The wheatsheaf, or garb, also contains several layers of allusion: to the agricultural wealth of New South Wales, especially wheat growing; and to the convicts , many of whom, through their toil in producing food for the early colony, were rewarded with grants of land upon which they established the farms and rural landscapes of eastern New South Wales. The rising sun in the crest has been used in the heraldry of New South Wales since the s, essentially to symbolise hope in the future.
It also depicts the geographical position of New South Wales, which faces the sun rising every morning over the Pacific Ocean. The blue and white wreath or torse shows the two principal colours in the shield, which are often used as the sporting colours for New South Wales, although there is much variation in the shade of the blue in common use.
Of the two supporters, the lion symbolises the origins of many of the people of New South Wales in the early 20th century in the British Isles. The designer particularly stressed that this was not an English nor Scottish nor Irish nor Welsh lion, but British , to represent the coming together of many different people in a new land and forming a new people.
The kangaroo has been used as a supporter in popular New South Wales heraldic practice since , although this is its earliest official use. It symbolises the land and natural resources of the State,  and can also be understood today as representing the Aboriginal peoples who today are an integral part of New South Wales society.
The motto was first devised in for the International Exposition held in Sydney,  and was adopted as the State motto in to clearly replace an older motto on official seals that referred to the State's convict origins. He was appointed Government Printer in , and was responsible for New South Wales postage stamp designs until Anthropologist J.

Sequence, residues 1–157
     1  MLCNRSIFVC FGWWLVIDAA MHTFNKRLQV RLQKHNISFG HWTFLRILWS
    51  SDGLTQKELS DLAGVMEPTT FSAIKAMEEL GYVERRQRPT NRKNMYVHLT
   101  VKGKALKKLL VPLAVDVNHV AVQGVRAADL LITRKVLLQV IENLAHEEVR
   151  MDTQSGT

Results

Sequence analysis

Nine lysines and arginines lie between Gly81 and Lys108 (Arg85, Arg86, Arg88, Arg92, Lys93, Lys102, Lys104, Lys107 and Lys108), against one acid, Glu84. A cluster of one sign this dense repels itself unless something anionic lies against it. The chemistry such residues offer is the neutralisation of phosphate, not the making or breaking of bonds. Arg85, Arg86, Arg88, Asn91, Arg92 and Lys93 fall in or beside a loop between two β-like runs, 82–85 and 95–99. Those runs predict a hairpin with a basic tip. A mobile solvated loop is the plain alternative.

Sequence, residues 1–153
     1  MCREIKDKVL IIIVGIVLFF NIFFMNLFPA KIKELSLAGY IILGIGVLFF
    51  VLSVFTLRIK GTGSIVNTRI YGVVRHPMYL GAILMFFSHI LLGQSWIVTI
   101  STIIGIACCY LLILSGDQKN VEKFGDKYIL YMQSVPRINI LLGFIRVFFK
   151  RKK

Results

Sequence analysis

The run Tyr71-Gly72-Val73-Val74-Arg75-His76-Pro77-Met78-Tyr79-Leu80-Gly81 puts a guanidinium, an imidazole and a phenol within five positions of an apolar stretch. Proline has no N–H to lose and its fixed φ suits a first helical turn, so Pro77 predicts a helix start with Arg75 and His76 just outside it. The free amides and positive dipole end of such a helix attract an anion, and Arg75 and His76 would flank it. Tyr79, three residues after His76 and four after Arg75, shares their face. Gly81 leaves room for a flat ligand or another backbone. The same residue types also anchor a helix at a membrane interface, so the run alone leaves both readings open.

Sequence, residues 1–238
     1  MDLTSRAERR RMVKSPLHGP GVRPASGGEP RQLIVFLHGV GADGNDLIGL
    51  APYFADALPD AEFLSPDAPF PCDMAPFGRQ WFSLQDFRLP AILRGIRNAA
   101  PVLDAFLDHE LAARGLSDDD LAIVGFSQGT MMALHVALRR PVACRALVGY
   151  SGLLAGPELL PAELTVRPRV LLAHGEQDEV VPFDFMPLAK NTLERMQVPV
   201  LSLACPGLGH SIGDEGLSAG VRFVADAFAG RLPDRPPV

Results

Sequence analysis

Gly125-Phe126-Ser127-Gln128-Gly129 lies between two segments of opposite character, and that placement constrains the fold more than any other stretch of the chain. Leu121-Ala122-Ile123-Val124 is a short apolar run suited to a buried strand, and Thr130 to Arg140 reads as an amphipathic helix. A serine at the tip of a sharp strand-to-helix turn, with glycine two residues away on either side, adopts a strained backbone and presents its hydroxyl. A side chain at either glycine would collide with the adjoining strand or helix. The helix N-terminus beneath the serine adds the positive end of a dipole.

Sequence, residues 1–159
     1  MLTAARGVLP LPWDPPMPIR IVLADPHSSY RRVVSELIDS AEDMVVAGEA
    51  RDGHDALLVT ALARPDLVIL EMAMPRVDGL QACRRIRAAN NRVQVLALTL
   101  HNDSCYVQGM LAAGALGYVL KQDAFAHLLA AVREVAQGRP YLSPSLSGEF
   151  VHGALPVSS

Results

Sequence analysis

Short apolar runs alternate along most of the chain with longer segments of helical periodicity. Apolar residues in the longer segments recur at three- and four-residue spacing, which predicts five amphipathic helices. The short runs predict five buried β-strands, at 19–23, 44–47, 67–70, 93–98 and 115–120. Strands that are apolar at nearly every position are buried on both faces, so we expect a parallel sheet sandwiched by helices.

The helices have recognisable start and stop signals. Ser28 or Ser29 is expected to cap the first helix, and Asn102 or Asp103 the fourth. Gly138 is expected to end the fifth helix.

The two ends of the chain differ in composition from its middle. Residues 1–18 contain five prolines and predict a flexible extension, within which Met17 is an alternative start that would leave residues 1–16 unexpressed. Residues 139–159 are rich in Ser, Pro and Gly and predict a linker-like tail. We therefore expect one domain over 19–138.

McCarthy wrote in 'NSW Aboriginal Places Names', in , that Woolloomooloo could be derived from either Wallamullah , meaning place of plenty or Wallabahmullah , meaning a young black kangaroo. In , the traveller Col. Mundy wrote that the name came from Wala-mala , meaning an Aboriginal burial ground. It has also been suggested that the name means field of blood , due to the alleged Aboriginal tribal fights that took place in the area, or that it is from the pronunciation by Aboriginals of windmill , from the one that existed on Darlinghurst ridge until the s.
The first land grant was given to John Palmer in to allow him to run cattle for the fledgling colony. To the east lies a hill with windmills and a "New Prison", and land grants on the peninsula that is now the suburbs of Potts Point and Elizabeth Bay. In the s the farm land was subdivided into what is now Woolloomooloo, Darlinghurst and parts of Surry Hills. Originally the area saw affluent residents building grand houses, many with spectacular gardens, attracted by the bay and close proximity to the city and Government House.